What are you investing in?

What are you investing in?

Sometimes I wonder if people actually consider the value of an investment. There’s the obvious point, the process of making an investment to gain a specific result. The less understood point is the external value it creates. You may invest in your home because there is monetary value as well as practical use. People invest in many things but rarely is an investment made with the intention of creating loss of any sort, for the investor. The goal is to gain. Have you ever seen a teen with a brand new pair of expensive sneakers? The shoes generally lose rather than create monetary value. They create more personal satisfaction, social acceptance (and possibly keeping mom off their backs for destroying the shoes) than anything else (which are all value created outside of the initial investment of the shoes). If you watch these kids with the shoes in action, they don’t want to step in any puddles, mud or otherwise dirty surfaces, sometimes you may even see them walking funny as to not get any creases in the leather. There are some who won’t even wear them outside, especially in the nasty winter months. Instead they carry the shoes to protect them (that’s a long way from the original reason shoes were worn). You may also find some of these kids ensure the shoes remain in the best possible condition and may even clean the shoes off after wearing them and use some form of protection for the shoe until the next time they wear them. The point is, they attach a different type of value to the investment of the shoes to maintain its gains for as long as possible. There is no monetary, social and barely any practical value in raggedy shoes.

Houses, just like sneakers have value attached to them. If you invest in them and take care of them, they will continue to provide value for as long as possible. If you only consume the value, without replacing any, the investment no longer serves it’s purpose and loses its value. The sneakers, if worn through the mud, rain, gym class, etc., every day and are tossed in a pile once the day is over, they will become stained, scratched, etc. and eventually lose even it’s practical value. A house of disrepair, will lose its own value but can also bring down the value of other houses within the area. Eventually, everyone who owns property in that space can experience a decrease in the value of their investment. The quality of life for the people living within these homes can and likely will be decreased.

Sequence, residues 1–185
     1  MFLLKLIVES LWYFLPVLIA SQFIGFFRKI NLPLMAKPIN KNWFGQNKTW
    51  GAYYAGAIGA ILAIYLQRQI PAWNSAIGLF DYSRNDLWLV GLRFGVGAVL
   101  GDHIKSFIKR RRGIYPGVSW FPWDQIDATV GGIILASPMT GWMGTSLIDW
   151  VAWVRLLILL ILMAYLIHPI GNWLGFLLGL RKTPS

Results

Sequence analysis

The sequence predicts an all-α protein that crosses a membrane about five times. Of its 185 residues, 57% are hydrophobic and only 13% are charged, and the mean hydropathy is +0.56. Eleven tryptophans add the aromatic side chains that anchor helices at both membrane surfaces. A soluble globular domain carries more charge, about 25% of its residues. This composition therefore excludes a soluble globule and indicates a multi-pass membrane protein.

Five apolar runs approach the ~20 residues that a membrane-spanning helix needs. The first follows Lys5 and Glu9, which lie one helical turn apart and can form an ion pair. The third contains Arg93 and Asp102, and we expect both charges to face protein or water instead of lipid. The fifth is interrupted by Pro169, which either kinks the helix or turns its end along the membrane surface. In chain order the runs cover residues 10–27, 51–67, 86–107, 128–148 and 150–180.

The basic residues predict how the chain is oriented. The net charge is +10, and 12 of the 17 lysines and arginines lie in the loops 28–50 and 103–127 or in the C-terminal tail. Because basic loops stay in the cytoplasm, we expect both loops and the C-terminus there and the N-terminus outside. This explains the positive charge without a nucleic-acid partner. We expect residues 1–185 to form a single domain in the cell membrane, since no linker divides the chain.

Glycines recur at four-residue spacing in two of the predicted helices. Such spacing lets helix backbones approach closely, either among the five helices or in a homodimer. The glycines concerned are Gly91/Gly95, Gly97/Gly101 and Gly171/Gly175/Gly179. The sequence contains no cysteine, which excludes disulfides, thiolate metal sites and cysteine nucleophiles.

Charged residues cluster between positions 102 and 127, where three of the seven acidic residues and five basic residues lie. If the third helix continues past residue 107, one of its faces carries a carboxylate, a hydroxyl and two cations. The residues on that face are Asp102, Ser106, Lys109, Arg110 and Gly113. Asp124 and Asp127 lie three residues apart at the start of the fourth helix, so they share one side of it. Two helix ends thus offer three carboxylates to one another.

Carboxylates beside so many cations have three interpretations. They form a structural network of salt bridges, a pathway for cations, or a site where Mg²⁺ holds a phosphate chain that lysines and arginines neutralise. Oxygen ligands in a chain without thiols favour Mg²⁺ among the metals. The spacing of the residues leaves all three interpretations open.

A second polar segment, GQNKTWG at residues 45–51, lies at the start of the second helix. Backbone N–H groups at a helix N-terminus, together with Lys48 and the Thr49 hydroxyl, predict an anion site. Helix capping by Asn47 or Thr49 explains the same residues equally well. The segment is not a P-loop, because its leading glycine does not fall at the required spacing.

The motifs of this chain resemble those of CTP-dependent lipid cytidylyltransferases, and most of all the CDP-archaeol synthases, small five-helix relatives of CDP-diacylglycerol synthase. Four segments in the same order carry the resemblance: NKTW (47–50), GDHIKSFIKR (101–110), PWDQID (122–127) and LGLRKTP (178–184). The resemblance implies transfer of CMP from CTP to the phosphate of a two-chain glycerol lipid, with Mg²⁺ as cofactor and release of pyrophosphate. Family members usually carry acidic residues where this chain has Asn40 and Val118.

I pay attention to the investments made within our communities. Very often, the investment is made with very little concern for the value it creates within the community, nor what’s left in it’s wake once they pull their share of value out. Once you strip a land of it’s nutrients, it becomes barren. How do you expect it to begin producing again? People come into the community, purchase residential properties, maintain minimal standards of living so their cash flow is not interrupted and any profit is pulled out of the community.  Our communities are starved because more value is pulled out than returned. Returning the value requires more than minimal maintenance on the property. It requires working with other community stakeholders to help improve quality of life within the community in a way that EVERYONE benefits. If you’ve ever seen the way any healthy ecosystem works, you know it naturally takes and replenishes. There is balance.

As a landlord you have a responsibility to the tenant to provide safe and clean facilities. There are laws that dictate the minimal guidelines of acceptable housing or it could cost you money. I believe that what we do as investors, as landlords, is much bigger than that. We are making investments into our communities one unit, one tenant at a time. You cannot be a slumlord, yet call the result an investment. Whenever you make an investment, you are always looking for the greatest return. Usually this refers to money, in the case of the landlord, it comes in the form of an income. That is only a part of your return; the more valuable part of your return is the effect it has on the community and the people who live there. Renting a property with lead to a mother with young children or maintaining the property of disrepair because it’s enough to pass city inspection and earn an income is more damaging to the community as a whole and negates the impact of your investment. Any profit you make will be short lived because you didn’t properly manage your investment. It occurs with any type of investment you make, the difference is yours involves the lives of people. The only way your investment into that community can earn a higher return on investment is if you are enriching the lives of the people who live there. You will know that you have accomplished this when the people and the community they live in are measurably better off after you have made your investment than they were before you made the investment.

 

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